For many years accountants and tax advisors have suggested that director/shareholders should extract profit by paying themselves a low salary with the remainder of their income being extracted in the form of dividends.
Although dividends are not deductible in arriving at the company’s taxable profits, they do not normally attract National Insurance Contributions (NICs). The starting point of NICs will rise to £162 a week from 6 April 2018. This is now significantly lower than the £11,850 personal income tax allowance. A salary just below £162 a week, £8,424 a year would mean no NIC would be due but would be sufficient to count as a qualifying year for State Pension purposes (if above £6,032 lower earnings limit).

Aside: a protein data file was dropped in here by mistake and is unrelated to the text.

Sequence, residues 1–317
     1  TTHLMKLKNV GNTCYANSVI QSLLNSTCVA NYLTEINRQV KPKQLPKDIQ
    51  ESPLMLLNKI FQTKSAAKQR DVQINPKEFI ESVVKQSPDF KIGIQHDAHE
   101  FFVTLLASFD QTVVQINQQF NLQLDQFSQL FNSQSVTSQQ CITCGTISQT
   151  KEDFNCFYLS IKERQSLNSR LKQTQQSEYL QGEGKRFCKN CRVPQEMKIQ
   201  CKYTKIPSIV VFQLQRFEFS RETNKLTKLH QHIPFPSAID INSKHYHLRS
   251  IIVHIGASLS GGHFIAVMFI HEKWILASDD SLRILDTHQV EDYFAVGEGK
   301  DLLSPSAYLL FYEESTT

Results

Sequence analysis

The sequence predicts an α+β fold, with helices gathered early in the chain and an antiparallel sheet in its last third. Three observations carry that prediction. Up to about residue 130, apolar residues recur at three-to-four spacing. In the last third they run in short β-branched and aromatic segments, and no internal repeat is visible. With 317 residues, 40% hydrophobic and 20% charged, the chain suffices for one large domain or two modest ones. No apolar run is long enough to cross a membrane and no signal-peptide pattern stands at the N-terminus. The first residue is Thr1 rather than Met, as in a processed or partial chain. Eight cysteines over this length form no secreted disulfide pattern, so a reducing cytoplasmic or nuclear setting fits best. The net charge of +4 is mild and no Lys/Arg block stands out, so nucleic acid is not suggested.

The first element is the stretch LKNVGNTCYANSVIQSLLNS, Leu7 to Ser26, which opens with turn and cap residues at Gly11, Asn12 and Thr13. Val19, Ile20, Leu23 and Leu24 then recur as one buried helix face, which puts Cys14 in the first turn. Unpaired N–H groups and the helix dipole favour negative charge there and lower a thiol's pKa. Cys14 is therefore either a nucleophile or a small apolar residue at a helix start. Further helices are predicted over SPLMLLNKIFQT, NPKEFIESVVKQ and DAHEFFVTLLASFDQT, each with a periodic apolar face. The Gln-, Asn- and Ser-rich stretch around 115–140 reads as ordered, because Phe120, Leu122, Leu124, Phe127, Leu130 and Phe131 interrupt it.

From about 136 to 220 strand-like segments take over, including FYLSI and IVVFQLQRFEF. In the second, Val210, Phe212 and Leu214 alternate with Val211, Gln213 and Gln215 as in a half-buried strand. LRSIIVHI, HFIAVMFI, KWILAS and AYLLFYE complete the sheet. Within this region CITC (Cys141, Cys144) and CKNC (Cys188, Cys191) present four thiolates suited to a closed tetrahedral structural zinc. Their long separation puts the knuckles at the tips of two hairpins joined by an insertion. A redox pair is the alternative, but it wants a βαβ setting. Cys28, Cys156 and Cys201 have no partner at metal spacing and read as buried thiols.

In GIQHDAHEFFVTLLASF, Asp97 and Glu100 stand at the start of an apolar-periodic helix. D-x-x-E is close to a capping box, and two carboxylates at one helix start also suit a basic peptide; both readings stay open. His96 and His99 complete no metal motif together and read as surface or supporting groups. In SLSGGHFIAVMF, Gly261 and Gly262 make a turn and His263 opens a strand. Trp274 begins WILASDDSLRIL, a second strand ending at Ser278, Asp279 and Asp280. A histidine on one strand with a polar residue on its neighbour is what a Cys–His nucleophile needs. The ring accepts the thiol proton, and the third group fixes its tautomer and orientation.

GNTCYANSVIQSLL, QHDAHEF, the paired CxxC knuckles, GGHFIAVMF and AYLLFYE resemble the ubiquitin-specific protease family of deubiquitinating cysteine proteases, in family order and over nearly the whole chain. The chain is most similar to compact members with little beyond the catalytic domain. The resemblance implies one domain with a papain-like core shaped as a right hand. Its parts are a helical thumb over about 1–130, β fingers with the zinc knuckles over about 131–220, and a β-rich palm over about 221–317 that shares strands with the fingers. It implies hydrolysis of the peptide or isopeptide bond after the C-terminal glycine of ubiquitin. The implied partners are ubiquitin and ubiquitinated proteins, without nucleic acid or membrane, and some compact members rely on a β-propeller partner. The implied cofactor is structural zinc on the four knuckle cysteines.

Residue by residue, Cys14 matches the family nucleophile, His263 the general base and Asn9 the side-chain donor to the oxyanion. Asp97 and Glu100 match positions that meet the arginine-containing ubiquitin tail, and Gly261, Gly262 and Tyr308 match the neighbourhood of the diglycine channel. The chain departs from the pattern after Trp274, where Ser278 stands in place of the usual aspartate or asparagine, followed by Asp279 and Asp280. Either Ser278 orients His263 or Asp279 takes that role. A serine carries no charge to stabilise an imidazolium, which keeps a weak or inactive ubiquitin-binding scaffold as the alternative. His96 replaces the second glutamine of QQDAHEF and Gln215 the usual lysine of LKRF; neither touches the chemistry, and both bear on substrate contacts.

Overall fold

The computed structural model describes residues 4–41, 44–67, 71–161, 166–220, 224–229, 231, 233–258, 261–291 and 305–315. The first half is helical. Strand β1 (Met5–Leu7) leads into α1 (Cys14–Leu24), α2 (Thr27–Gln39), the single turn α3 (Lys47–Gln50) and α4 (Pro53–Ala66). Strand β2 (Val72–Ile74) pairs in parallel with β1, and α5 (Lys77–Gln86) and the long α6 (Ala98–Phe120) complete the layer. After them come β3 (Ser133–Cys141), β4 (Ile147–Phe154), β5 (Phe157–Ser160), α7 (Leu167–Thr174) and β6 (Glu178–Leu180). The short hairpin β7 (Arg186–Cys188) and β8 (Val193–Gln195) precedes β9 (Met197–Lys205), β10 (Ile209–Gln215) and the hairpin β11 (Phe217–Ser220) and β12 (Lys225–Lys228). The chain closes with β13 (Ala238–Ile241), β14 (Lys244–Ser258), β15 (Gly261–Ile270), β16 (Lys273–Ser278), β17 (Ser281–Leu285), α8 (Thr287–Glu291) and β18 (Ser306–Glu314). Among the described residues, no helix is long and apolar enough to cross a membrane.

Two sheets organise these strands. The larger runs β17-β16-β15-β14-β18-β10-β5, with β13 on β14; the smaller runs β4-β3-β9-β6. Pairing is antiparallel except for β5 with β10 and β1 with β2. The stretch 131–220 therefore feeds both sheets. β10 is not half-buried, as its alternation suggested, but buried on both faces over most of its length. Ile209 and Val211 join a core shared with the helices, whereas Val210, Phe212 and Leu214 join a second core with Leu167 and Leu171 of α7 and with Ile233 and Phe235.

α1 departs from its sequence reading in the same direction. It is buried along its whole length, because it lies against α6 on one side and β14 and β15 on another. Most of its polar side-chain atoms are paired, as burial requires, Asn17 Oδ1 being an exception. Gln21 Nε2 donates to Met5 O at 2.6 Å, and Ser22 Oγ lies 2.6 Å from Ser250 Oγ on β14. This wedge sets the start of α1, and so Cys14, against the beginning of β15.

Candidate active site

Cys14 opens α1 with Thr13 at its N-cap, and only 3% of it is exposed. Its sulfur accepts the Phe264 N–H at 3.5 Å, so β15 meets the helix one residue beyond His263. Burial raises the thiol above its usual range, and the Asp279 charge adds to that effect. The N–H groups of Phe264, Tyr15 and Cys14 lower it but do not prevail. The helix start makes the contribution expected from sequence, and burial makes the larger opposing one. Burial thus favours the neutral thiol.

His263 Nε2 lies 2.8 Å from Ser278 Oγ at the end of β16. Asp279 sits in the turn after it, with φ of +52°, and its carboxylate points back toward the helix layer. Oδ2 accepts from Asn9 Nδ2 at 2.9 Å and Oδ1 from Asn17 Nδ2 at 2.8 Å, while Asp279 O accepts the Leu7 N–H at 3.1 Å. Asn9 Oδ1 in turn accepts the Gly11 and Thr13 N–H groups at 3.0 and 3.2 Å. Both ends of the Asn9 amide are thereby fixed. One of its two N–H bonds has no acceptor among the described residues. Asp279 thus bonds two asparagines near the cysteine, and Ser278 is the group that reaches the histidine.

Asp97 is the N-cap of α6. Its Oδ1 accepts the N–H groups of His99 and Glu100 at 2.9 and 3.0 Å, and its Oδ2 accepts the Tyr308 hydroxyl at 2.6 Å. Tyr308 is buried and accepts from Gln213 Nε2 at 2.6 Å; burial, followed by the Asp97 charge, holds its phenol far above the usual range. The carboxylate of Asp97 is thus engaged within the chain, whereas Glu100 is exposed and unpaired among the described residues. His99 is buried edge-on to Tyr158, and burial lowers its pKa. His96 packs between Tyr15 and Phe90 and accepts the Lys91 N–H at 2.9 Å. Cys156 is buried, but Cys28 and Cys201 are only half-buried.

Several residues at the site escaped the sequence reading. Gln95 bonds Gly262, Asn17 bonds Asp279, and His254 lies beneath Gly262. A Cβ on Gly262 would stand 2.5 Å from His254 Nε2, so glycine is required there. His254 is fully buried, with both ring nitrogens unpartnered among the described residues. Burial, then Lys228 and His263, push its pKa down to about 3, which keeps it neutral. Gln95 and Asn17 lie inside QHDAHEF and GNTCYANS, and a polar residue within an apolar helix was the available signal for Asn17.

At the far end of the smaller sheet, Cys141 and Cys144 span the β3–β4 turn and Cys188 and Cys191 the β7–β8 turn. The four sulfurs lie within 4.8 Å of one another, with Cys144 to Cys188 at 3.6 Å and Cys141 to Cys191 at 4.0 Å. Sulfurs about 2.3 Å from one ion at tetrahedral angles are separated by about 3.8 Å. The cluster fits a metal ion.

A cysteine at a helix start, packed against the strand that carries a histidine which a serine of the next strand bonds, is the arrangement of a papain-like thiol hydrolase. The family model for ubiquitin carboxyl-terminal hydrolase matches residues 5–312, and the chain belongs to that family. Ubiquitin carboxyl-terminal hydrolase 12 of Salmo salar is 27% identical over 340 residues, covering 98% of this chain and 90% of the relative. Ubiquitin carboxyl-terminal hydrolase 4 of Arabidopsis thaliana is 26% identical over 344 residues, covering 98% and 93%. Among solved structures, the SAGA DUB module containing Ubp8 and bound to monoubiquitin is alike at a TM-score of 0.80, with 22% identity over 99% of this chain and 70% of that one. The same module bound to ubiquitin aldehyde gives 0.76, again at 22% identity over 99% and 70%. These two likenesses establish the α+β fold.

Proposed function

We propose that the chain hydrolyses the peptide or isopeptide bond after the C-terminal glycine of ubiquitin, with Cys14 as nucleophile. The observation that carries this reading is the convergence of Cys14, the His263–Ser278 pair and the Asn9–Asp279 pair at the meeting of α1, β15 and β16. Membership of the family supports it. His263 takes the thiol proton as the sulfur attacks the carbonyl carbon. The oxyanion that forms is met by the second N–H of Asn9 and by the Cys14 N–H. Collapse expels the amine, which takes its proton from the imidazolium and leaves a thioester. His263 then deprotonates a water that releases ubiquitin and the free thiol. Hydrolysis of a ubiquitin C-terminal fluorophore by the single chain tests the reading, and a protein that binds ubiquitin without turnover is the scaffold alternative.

Remember that employers other than those where the director is the only employee are entitled to a £3,000 employment allowance that can be set against employer’s NICs. If this has not been utilised against NICs on staff wages then consider increasing the directors’ salaries up to £11,850, as the additional salary would save corporation tax at 19% on the £3,426 extra salary which equals £651, whereas the employees NIC would be £411.
As far as the level of dividends is concerned, the rate of tax changes from 7.5% to 32.5% at £46,350 so ideally the dividends should not exceed £34,500 if a salary of £11,850 is paid. The first £2,000 would be taxed at 0% with £32,500 being taxed at 7.5%. Don’t forget that this tax will then be due on 31 January 2020.
Contact us to discuss other ways in which you can extract profits from your family company tax efficiently